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Essentials of Internet and E-Mail Monitoring Polices

February 14, 2002
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Related Topics: Internet, Technology and the Law, Policies and Procedures, Featured Article
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Businesses throughout the country are clamoring for electronic-monitoringsoftware, but the biggest mistake they make in implementing the technology isnot having a policy to back it up.

"The cleanest approach is to notify employees upfront, put the policy in the handbook, and keep records of how often you remindemployees they are being monitored," says attorney Wayne Hersh, a partnerspecializing in labor and employment law at Berger Kahn in Irvine, California."Employees have a much harder time suing successfully for violated privacyrights if they’ve been notified."

Nancy Flynn, author of The ePolicy Handbook (AMACOM,2001) and founder of the ePolicy Institute in Columbus, Ohio, agrees, and addsthat employers must have a training program in place to educate employees aboutelectronic liabilities and the importance of compliance. "The only way toreduce workplace risk is through training. You can’t expect all of youremployees to understand and comply with policies without an ongoing trainingprogram," Flynn says.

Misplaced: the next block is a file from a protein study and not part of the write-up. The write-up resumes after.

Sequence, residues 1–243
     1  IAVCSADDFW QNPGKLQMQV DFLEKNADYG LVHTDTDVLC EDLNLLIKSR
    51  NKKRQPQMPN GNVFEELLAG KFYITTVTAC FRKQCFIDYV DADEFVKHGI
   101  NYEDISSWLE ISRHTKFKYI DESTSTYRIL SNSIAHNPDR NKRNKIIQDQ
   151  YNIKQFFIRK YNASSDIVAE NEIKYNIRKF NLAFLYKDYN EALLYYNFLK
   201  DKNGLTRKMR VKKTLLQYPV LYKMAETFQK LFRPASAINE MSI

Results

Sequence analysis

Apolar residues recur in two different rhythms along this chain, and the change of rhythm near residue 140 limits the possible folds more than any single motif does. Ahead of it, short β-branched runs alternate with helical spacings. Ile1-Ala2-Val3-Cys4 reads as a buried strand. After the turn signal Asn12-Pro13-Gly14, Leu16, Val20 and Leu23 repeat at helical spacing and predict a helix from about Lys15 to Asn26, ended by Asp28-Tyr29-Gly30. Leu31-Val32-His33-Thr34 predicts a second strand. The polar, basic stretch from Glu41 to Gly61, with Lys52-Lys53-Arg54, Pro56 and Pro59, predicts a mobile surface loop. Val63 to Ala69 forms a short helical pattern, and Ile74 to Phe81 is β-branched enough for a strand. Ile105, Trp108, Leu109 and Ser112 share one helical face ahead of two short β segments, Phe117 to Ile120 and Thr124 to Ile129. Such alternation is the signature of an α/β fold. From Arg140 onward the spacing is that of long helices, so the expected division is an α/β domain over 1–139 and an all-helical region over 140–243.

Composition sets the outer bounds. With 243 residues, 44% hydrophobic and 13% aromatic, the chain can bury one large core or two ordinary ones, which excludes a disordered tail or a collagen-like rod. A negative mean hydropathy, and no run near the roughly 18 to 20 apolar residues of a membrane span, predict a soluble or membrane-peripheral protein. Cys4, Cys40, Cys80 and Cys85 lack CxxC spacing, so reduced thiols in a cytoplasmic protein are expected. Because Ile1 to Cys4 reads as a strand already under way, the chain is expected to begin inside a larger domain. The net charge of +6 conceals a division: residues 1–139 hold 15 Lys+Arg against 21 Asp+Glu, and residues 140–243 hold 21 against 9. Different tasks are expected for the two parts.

Here are some guidelines to follow in establishingelectronic-monitoring policies:

  • Ban e-mail language that could negatively affect your organization’sbusiness relationships, damage your corporate reputation, or trigger a lawsuit.Ban sexist or racist language; ban jokes. Employees should try to keep e-maillanguage gender-neutral.

  • Include corporate guidelines such as how you want employees to refer tothe company, how to sign off, and what kinds of salutations to use. Banishemoticons. That kind of visual shorthand has no place in business writing.

  • Ban inappropriate Web sites -- usually those that are sexually explicitor violent, or contain otherwise objectionable images or language.

  • To conserve bandwidth, outlaw Net surfing for personal information,game-playing online, chat rooms, gambling, shopping, and any other electronicactivity not directly related to professional duties. (Many employers do allowsome personal use of the Web during lunchtime.)

  • Prohibit employees from posting or transmitting material that is obscene,hateful, harmful, malicious, threatening, hostile, abusive, vulgar, defamatory,profane, or racially, sexually, or ethnically objectionable.

Workforce, February 2002, p. 42 -- Subscribe Now!

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